Holding the left flank of Sir Hubert Gough's Fifth Army was VII Corps under the command of Lt General Sir Walter Congreve VC. Their Front Line consisted of a single trench running from the Cologne valley, just north of Templeux le Guérard to the old Cambrai battlefield at Gouzeaucourt.
As was mentioned in the introduction one of the difficulties facing the British was that the positioning of its front line was often the result of the last battle as opposed to choice.
This was the case here where the Forward Zone was exposed to the enemy and its depth was limited to slightly more than a kilometre.Cambrai 1917
Three Divisions covered the 12 kilometre front each having a third. The 9th (Scottish) Division was in the north near Gauche Wood and abutted the First Army on its left. In the centre was the 21st Division with the important village of Epéhy in its battle Zone. The southern sector was held by the 16th (Irish) Division.
The Corps was disposed with the majority of its men in the Forward Zone rather than in depth because General Congreve believed that the narrowness of the zone forced his hand if he was intent on trying to keep the Germans away from the Battle Zone.
There were numerous machine gun posts and strongholds along the front and the orders were given that in the event of an attack these should be defended as long as possible whilst other positions fell back.
Like the rest of The British Army the 16th Division had undergone a reorganisation at the beginning of 1918. It changed to almost beyond recognition with only four of its original twelve New Army battalions represented. Two of these had already been amalgamated to form the 7th/8th Royal Inniskilling Fusiliers - the last connection with Ulster following the redeployment of the other Ulster battalions into the 36th (Ulster) Division.
Regular Army units from the Royal Dublin Fusiliers and Royal Munster Fusiliers were brought in to make up the depleted brigades.
In addition to this turmoil the Divisional commander had fallen ill and was only replaced by Major General Sir Amyatt Hull a month before the German offensive.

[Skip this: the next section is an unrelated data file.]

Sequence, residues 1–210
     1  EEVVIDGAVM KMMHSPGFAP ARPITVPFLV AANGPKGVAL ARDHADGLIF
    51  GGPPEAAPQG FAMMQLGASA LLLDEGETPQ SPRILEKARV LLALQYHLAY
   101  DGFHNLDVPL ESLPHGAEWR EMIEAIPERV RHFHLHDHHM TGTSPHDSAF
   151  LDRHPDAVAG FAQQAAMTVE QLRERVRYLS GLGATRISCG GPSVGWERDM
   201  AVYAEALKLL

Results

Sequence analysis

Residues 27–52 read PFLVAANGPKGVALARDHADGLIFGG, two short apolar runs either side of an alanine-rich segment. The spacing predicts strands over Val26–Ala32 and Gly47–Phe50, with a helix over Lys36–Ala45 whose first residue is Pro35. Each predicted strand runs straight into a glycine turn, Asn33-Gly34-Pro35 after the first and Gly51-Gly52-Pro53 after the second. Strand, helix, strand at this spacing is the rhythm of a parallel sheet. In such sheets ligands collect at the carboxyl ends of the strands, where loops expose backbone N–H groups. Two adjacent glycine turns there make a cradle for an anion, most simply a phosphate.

The 16th were deployed on the northern side of the Cologne valley which formed the boundary between them and the XIX Corps on the right. They were responsible for the Ronssoy Ridge in front of that village and the adjoining village of Lempire which marked the forward sector of the Battle Zone.
On the morning of the 21st March 1918 the mist was so thick it was impossible for the Irishmen to see their own front wire and the network of sixty four mutually supporting machine gun posts were rendered ineffective.
The bombardment as elsewhere almost totally disabled all means of wired communication and worse still wiped out half of the 7th Royal Irish who were holding the right flank.
The attacks in this sector commenced about 0900 hours and within ninety minutes a domino effect began to take effect along the Cologne valley. The obliteration of the Royal Irish allowed the Germans to sweep up the valley and threaten the 66th Division at Templeux. When that fell the remaining men from the Royal Irish to the north were outflanked.
The village of Lempire was defended by the 2nd Royal Irish and their defences formed a salient into the Forward Zone. This meant that once battle had been engaged their lines jutted out into what was now German held ground and they could be attacked on three sides.